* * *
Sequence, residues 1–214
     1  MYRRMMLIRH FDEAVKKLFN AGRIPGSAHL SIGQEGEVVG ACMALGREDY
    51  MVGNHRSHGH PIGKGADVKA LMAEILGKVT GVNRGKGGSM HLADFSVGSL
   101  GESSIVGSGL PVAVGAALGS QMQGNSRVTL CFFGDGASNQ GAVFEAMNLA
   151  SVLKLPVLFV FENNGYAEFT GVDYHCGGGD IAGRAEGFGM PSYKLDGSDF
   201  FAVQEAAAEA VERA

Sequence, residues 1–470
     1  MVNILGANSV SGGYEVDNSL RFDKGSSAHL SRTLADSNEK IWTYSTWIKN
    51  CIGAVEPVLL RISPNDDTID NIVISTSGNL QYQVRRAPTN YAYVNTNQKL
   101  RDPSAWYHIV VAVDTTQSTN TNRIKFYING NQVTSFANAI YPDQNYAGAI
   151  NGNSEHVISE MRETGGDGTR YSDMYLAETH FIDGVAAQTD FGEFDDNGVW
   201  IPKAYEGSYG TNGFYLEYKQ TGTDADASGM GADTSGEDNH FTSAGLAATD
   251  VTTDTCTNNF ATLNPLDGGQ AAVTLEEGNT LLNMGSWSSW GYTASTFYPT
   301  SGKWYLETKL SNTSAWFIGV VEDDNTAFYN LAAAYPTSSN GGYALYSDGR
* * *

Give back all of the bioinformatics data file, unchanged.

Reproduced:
Sequence, residues 1–214
     1  MYRRMMLIRH FDEAVKKLFN AGRIPGSAHL SIGQEGEVVG ACMALGREDY
    51  MVGNHRSHGH PIGKGADVKA LMAEILGKVT GVNRGKGGSM HLADFSVGSL
   101  GESSIVGSGL PVAVGAALGS QMQGNSRVTL CFFGDGASNQ GAVFEAMNLA
   151  SVLKLPVLFV FENNGYAEFT GVDYHCGGGD IAGRAEGFGM PSYKLDGSDF
   201  FAVQEAAAEA VERA

Sequence, residues 1–470
     1  MVNILGANSV SGGYEVDNSL RFDKGSSAHL SRTLADSNEK IWTYSTWIKN
    51  CIGAVEPVLL RISPNDDTID NIVISTSGNL QYQVRRAPTN YAYVNTNQKL
   101  RDPSAWYHIV VAVDTTQSTN TNRIKFYING NQVTSFANAI YPDQNYAGAI
   151  NGNSEHVISE MRETGGDGTR YSDMYLAETH FIDGVAAQTD FGEFDDNGVW
   201  IPKAYEGSYG TNGFYLEYKQ TGTDADASGM GADTSGEDNH FTSAGLAATD
   251  VTTDTCTNNF ATLNPLDGGQ AAVTLEEGNT LLNMGSWSSW GYTASTFYPT
   301  SGKWYLETKL SNTSAWFIGV VEDDNTAFYN LAAAYPTSSN GGYALYSDGR